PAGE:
Back to the drawing board for Welton Bag plans

By Leah Smith in Planning

Plans to redevelop the Welton Bibby and Baron factory site have been labelled ‘broad’ and ‘purely speculative’ by B&NES’ Planning Officers.

The decision to turn down the planning application which included 200 new homes, a convenience store, pub, budget hotel, elderly care home and business space, was reportedly not taken lightly by the local authority, which is keen to see the area

redeveloped.

In its published decision, B&NES said that: ‘The Council wishes to see this site move forward for mixed-use development, but an application which is so vague that it does not provide a meaningful basis for assessment cannot be supported.’

The local authority was also concerned that plans for the former factory site, which has been empty since 2013 when the firm relocated to Westbury, did not provide enough replacement employment, with only around 160-170 jobs, as opposed to the 330+ that were once provided. In an attempt to try and progress the plans, the Council notes that the Economic Development team proactively suggested an employment mix that would be favourably viewed at planning, which the applicant reportedly declined to agree to.

The decision also expresses concern about the lack of plans for affordable housing and the threat to the former stone-built 19th century brewery building, the retention of which made the scheme potentially very expensive.

In its comments to the local planning authority, Midsomer Norton Town Council added that ‘a piecemeal approach to such a key site would be unacceptable’ and called for a wider strategy. This is the second attempt at plans to redevelop the site, with the first by a different agent putting forward housing and a new supermarket, which were also refused.

“We all want to see the Welton Bag site regenerated and brought back into use to the benefit of Midsomer Norton and the whole Somer Valley, said Cllr Paul Myers, (B&NES Conservative, Midsomer Norton Redfield). “Unfortunately, the recent application submitted to B&NES Council lacked the necessary detail to give planning approval. My hope now is that Welton Bibby and Baron will work with residents, the Town Council and B&NES on an application that meets the aspirations of the community, including a mix of much-needed employment space, as well as community facilities and affordable housing.”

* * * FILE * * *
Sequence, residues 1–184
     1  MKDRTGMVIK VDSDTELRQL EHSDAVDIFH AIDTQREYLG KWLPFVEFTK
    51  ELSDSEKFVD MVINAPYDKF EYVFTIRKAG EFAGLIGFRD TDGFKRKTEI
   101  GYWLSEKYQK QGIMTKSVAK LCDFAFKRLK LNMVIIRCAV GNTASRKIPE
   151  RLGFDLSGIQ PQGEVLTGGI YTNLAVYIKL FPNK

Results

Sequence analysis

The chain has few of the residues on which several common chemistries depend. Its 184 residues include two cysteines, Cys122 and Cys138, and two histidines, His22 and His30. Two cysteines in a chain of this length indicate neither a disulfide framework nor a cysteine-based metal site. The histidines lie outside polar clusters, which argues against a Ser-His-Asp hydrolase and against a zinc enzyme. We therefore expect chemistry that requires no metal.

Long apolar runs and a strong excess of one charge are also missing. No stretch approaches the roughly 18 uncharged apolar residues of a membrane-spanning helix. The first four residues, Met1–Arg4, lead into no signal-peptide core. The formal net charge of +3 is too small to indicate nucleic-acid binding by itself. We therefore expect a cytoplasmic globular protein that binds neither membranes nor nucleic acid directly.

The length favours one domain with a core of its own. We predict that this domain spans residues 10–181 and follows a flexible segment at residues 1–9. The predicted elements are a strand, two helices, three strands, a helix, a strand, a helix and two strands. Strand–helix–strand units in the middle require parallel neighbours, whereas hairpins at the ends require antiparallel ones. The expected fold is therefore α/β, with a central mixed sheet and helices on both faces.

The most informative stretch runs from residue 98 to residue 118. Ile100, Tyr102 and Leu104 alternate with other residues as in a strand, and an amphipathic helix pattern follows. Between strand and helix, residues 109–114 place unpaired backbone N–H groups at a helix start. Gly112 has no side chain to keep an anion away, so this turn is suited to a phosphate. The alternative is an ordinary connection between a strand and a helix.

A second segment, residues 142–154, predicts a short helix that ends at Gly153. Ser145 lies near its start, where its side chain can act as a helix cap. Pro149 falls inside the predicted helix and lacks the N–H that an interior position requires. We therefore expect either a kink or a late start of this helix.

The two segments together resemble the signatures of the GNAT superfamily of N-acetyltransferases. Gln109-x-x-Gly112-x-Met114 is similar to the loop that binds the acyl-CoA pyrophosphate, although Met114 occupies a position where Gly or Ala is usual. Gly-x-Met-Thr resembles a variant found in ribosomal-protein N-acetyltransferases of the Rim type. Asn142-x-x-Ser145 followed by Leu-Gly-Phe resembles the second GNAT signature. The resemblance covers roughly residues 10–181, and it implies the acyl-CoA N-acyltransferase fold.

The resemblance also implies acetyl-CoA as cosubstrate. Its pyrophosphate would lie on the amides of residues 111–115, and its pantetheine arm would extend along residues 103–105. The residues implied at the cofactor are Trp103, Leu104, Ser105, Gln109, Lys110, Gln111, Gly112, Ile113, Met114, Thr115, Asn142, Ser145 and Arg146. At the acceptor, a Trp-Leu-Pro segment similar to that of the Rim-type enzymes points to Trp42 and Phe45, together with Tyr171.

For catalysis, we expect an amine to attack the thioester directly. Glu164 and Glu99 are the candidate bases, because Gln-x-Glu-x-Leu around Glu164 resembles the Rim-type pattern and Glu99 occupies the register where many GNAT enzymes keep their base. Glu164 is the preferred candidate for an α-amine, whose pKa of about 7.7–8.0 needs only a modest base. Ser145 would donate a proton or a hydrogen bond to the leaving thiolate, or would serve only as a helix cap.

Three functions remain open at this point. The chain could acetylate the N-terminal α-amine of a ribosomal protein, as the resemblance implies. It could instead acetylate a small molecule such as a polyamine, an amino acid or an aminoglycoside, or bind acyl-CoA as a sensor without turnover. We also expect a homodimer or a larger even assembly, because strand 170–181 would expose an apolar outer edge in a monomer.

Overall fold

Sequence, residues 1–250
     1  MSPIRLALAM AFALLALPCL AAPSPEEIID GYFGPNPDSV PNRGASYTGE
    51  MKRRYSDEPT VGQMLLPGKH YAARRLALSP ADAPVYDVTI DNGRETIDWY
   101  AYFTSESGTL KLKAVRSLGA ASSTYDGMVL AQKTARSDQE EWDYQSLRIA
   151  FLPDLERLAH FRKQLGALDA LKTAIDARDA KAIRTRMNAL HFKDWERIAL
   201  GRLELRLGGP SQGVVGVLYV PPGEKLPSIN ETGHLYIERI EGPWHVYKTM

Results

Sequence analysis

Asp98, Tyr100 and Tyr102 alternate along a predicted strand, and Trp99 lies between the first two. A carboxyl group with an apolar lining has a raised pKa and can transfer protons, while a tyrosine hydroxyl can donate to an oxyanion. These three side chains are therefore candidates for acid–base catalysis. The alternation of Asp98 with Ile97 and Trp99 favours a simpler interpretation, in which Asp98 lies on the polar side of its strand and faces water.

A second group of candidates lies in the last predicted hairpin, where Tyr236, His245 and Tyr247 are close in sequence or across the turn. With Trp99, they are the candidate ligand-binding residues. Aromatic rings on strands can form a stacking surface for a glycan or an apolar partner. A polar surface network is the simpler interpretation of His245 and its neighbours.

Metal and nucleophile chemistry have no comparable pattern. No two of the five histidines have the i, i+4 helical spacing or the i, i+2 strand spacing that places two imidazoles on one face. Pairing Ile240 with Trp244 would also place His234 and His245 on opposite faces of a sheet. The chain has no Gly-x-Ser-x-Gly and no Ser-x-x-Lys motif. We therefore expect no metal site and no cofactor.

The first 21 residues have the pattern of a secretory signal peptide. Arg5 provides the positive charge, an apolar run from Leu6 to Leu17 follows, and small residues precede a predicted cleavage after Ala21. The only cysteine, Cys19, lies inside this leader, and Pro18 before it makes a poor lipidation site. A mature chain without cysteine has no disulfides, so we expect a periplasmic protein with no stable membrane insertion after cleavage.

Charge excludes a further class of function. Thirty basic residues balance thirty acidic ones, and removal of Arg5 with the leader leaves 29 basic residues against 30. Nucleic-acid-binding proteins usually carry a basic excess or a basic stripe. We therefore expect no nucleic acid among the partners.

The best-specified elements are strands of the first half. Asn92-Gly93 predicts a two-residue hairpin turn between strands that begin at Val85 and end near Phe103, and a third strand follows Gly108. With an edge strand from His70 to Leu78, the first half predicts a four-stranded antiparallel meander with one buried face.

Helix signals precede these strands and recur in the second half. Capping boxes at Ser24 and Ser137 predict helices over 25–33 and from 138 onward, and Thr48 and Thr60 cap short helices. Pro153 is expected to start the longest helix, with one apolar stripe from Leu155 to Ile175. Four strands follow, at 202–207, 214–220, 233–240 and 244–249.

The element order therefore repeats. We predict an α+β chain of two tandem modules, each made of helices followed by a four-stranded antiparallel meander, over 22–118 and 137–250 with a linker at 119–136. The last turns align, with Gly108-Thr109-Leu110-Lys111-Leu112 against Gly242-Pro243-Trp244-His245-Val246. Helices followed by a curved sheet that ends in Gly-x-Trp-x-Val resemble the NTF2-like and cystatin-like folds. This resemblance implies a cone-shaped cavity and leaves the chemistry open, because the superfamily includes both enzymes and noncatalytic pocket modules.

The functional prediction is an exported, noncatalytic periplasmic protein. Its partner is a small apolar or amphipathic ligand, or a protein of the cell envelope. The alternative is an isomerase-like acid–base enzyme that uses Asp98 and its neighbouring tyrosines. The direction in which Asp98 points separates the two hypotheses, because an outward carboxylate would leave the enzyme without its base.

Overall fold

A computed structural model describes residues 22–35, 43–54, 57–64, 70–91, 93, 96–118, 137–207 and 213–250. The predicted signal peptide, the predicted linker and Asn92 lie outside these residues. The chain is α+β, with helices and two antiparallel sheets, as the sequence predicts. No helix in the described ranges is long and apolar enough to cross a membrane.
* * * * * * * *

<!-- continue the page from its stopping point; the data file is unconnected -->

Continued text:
Speaking to The Journal this week, B&NES Ward Councillor, Barry Macrae (Midsomer Norton North), said: “It strikes me that perhaps this entire project is being given very limited and very low priority by the agents and even by the site’s owners. It is costing them money to keep the site secure and the buildings are very rapidly deteriorating – it is now a sad blot upon our local community and visually, it does immense harm to our shared Council ambitions to promote new jobs, investment and improvement.

“Whilst not a ‘perfect’ scheme, there was some exciting vision, with the reopening of the Wellow Brook through the site and a new network of tree-lined footpaths and cycleways, linking our existing estates to the town centre. But some of the other proposals were too vague and were just words on the application form.

“To say that I am disappointed is too much of an understatement. There is far too much at stake for Midsomer Norton and for B&NES to back down. The applicants are able to resubmit a new application within twelve months at no additional cost to them – it’s their choice.

“Our town’s newly-won status as an Enterprise Zone starts from next month. We need those new jobs to reduce our present incredibly high volume of daily out-commuting to improve the quality of life for our current residents, to bring trade back to the High Street, provide employment and apprenticeships, and to provide affordable homes for our locals. And we need them urgently.”